I was willing.

I picked up my pace and ran as hard as I could get my weary legs to run. My quads began to burn with a vengeance, but they were going to have to yell a lot louder for me to listen. My back wasn’t hurting, my knees weren’t hurting. I felt strong. I felt invincible. I ran by runner after runner as if I’d just begun my race.

I ran harder and harder. The miles seem to fly by. Twenty-one, twenty-two, twenty-three. I had a 5k left and 30 minutes to run it. I had it. I knew I had it. With that knowledge I ran like a maniac. I held nothing back. I could feel my legs getting weaker, and I prayed that they’d last until the end.

I felt powerful, I felt joyful. My heart seemed to grow 5 sizes as it pumped the blood and oxygen to my pounding limbs. I rounded a corner and saw Jason. I wanted to shout, to tell him how amazing this was, but all I could do was smile and grunt when he asked how I was doing. I knew he’d understand. I was racing the clock like never before. No longer would a 4 hour marathon cut it. I was after more and I meant to get it.

I ran through a gate onto a greenway along the Flint River, and I saw the finish line. My legs were screaming and my heart was singing as I thanked my Lord for an amazing race. I gave a loud whoop, threw my arms in the air, and ran under the finish line in 3:58:57.

“You can stop now,” a volunteer smilingly said as he steadied me to take the bottom half of my number. A girl approached to put a finisher’s medal around my neck, and a kind man asked if I was alright and if I had family waiting on me. I was gasping for breath and smiling like a fool as I said yes. Jason showed up then, wrapping his arms around me and telling me how very proud he was. With my hands on my face I said, “I can’t believe it. I can’t believe it!” A volunteer handed me a bottle of water as Jason and I made our way out of the crowd so I could walk it off.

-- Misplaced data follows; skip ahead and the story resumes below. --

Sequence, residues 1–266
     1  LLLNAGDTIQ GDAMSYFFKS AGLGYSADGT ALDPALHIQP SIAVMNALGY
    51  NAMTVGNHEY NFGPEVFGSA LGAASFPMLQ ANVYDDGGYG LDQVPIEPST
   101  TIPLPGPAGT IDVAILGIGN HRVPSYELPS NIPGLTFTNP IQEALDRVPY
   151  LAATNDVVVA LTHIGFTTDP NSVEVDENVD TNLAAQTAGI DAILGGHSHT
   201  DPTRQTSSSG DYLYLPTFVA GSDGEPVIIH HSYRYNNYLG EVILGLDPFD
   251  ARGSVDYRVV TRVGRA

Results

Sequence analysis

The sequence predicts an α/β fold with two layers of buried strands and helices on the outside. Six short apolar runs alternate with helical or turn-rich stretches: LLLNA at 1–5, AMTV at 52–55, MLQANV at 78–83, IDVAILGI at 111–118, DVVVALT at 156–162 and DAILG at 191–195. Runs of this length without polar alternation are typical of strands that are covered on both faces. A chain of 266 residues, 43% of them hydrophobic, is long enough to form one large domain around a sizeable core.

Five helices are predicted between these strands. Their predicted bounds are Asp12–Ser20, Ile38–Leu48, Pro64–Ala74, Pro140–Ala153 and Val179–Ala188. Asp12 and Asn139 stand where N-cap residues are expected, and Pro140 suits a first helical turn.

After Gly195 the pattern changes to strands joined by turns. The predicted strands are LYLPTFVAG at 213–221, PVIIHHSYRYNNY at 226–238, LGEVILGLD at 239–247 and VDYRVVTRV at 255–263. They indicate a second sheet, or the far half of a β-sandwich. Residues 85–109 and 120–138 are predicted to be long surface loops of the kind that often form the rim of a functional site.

I have no words to explain how triumphant and amazing I felt in that moment. I couldn’t thank my God enough for running by my side the entire way. I couldn’t tell my husband how glad I was to see him, how much his encouragement and belief in my ability spurred me on. I laughed and smiled, but I wanted to sing and dance. I was sunburned, covered in salt, and weak from head to toe, but I couldn’t have cared less. In that moment, all was perfect.

Before Jason and I left for Albany, I e-mailed the race director to ask if headphones were allowed. She responded that they were, so I made sure to fill mine with songs to pump me up and keep me motivated. The song that got me through those last 6 miles, was one I heard for the first time on the Wednesday my back started to hurt. It is called “Unbreakable” by Fireflight, and I cannot think of a more perfect song to explain how I felt about this race, about running, and how it applies to my life. The lyrics below were the words in my heart as I raced to the finish, achieving more than I had ever imagined.

Where are the people that accused me?
The ones who beat me down and bruised me
They hide just out of sight, can’t face me in the light
They’ll return but I’ll be stronger

God, I want to dream again
Take me where I’ve never been
I want to go there, this time I’m not scared
Now I am unbreakable, it’s unmistakable
No one can touch me, nothing can stop me

Sometimes it’s hard to just keep going
But faith is moving without knowing
Can I trust what I can’t see to reach my destiny
I want to take control but I know better

God I want to dream again, take me where I’ve never been
I want to go there, this time I’m not scared
Now I am unbreakable, it’s unmistakable
No one can touch me, nothing can stop me….

Forget the fear it’s just a crutch
That tries to hold you back and turn your dreams to dust
All you need to do is just trust…

God I want to dream again, take me where I’ve never been
I want to go there, this time I’m not scared
Now I am unbreakable, it’s unmistakable
No one can touch me, nothing can stop me….

1 comment:

  1. what an AMAZING time!! wow...i am so impressed! thank you for sharing your journey...i'm so happy for your triumph in this race! wow. under 4 hours. awesome!